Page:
Jamie Hickey gave a pretty straight up answer when asked how he felt about his gold-medal win in Winnipeg.
“I’m the best bowler in Canada and it feels good,” the soft-spoken 11-year-old kegler said Tuesday from Winnipeg, where he was waiting to catch a flight back home.
The Benoit’s Cove native, who hones his bowling skills at the Corner Brook Centre Bowl, made his debut at the 2014 Youth Bowling Canada Nationals. He won the bantam boys singles crown with 20 points, just one better than Xavier Singfield of British Columbia.
“It was really close, right down to the last game it was,” Hickey said.
Close and intense would be the way to describe how things unfolded on the final day of the three-day championship event. Hickey and Singfield were tied with 19 points apiece until Hickey came through with a solid effort against Alberta in his last game to clinch the title. Singfield had the bye in the final round, so all Hickey had to do to avoid a tie-breaker was eke out a win over the Alberta bowler.
His coach Chris Rumboldt was anxious to talk about the drama on the lanes before the title was in the books.
“He pulled it out in the last couple of frames,” a proud Rumboldt said from Winnipeg while waiting to fly back home.
“They were neck-and-neck and then he strung three strikes in a row.”
It was a title well deserved, said Rumboldt, because Hickey kept his head in the game from start to finish. Actually, Rumboldt said, the young bowler seemed to enjoy the crazy atmosphere with several hundred people watching him.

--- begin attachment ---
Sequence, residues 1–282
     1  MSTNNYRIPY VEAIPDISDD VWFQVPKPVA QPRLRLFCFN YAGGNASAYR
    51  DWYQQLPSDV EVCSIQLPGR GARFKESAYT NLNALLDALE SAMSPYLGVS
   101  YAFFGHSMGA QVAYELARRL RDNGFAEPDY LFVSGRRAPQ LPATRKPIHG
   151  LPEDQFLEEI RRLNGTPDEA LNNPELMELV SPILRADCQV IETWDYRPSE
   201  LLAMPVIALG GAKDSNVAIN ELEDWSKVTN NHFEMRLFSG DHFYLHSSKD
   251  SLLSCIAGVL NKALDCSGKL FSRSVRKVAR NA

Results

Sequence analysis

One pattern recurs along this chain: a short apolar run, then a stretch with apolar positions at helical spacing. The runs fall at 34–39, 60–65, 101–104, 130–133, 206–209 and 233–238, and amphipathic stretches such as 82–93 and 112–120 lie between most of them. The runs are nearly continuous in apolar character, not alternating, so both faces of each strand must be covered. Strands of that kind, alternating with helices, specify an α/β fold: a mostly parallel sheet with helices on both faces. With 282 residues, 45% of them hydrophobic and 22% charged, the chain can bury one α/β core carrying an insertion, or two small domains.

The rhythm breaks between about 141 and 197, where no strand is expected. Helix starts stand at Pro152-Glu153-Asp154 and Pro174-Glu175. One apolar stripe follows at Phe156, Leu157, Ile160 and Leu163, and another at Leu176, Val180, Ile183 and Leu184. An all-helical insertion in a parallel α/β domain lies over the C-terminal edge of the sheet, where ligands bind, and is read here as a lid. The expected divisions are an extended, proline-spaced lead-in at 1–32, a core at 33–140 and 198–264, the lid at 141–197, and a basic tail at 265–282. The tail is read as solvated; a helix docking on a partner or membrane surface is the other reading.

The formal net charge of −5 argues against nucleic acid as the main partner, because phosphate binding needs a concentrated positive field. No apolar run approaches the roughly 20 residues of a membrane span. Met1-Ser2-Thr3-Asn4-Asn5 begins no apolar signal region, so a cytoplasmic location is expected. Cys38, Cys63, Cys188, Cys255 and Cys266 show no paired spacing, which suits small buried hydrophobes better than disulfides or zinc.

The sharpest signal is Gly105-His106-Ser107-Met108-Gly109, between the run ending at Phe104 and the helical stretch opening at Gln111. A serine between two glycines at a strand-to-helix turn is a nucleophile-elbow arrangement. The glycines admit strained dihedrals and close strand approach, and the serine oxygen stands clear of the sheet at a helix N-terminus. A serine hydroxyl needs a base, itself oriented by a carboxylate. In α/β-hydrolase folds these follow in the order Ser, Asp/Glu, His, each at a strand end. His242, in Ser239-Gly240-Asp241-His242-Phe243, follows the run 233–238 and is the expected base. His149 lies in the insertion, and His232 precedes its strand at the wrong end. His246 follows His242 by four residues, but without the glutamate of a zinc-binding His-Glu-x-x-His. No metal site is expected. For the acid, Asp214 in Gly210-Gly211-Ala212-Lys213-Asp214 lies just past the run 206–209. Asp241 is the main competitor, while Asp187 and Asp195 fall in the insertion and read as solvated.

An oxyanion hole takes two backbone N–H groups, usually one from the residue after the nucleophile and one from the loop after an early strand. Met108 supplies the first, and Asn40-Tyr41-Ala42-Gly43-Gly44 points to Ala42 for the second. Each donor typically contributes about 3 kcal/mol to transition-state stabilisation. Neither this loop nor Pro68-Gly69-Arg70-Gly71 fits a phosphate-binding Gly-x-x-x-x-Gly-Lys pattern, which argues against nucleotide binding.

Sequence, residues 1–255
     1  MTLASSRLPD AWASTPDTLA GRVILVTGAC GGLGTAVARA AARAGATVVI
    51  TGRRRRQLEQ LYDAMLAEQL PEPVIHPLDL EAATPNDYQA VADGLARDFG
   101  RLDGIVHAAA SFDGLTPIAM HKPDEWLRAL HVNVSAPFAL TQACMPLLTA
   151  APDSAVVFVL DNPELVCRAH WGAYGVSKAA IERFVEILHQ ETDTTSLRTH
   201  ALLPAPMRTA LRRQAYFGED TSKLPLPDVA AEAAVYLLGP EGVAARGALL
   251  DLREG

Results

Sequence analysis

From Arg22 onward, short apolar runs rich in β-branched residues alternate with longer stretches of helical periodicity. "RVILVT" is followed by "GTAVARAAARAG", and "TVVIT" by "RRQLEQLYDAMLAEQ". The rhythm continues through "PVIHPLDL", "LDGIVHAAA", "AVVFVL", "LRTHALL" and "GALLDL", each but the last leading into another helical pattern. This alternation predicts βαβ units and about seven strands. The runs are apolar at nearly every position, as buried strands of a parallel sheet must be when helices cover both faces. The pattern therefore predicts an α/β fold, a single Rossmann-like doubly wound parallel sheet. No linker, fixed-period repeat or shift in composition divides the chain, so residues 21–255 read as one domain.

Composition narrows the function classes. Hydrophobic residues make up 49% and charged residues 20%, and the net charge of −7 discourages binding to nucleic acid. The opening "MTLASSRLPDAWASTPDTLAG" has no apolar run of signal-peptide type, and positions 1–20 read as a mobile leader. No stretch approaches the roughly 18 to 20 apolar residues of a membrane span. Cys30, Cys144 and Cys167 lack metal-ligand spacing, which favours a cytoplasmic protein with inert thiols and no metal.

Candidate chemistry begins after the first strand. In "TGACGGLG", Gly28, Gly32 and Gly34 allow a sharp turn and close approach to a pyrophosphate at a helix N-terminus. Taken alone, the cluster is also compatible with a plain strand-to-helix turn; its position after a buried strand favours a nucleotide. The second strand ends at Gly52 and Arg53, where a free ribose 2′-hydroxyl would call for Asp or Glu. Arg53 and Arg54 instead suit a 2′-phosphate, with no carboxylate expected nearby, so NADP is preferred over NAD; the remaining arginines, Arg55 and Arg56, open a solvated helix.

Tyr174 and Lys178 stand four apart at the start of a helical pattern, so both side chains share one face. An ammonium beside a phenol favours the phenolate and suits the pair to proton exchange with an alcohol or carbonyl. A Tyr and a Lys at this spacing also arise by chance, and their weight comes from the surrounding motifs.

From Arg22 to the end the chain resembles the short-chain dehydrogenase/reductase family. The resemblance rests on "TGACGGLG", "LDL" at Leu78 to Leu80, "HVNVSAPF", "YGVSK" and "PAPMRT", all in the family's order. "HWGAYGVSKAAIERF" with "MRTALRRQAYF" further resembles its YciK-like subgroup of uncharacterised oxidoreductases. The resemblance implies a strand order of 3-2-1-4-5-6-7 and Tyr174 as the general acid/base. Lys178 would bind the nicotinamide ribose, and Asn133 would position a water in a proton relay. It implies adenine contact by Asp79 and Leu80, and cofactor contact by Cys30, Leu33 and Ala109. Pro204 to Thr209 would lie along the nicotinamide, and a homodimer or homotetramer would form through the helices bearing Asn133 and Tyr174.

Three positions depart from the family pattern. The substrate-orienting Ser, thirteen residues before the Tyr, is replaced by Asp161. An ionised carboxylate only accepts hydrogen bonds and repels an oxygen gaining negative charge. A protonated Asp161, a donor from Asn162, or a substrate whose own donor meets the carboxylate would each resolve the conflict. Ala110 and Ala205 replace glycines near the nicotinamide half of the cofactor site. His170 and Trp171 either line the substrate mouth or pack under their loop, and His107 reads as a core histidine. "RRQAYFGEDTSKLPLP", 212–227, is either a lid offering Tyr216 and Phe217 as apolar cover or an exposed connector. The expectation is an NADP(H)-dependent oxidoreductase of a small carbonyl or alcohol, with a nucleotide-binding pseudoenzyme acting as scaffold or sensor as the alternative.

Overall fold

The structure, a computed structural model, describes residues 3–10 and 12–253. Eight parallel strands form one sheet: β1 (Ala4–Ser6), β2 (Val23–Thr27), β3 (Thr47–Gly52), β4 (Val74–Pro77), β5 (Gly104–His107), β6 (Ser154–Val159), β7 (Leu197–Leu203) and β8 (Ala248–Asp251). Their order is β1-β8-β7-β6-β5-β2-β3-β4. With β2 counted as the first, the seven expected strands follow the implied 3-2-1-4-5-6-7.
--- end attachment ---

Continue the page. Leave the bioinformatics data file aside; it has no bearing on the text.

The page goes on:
“He wanted it and he stayed focused the whole time,” the coach said, noting he had only had to reel in his bowler on one occasion, when Hickey appeared to be working too fast.
The scene at the lanes after the last ball was an emotional one for all bowlers and coaches who were part of the Newfoundland and Labrador contingent, Rumboldt said.
“The place just went up. Everybody had tears,” he said. “It was just amazing.”
Hickey admits he was dealing with nerves in his last game, but he quickly got those under wraps when he fired his first of three strikes in a row in the 10th frame.
However, Rumboldt said his bowler’s calm demeanour down the stretch led him to believe Hickey was getting a good kick out of the attention.
“Some 200 people standing behind watching him bowl — he absorbed it and he was just loving every minute of it,” Rumboldt said. “He could have bowled another 10 games.”
Hickey was just happy to get an opportunity to represent his province on the national stage before he fired his first strike in Winnipeg. He had been close on several occasions, but never made it happen until he won the provincial crown earlier this year.
It’s a debut he’s not likely to forget anytime soon, and today he walks around with a gold medal hanging from his neck.
“People all congratulated me because they thought I deserved it and gave me high-fives,” he said.
He plans on bringing his medal to school for his friends to look at it, but then he wants to put it in a safe place where he will be reminded of his special time in Winnipeg.
“I’m going to put it on my wall,” he said.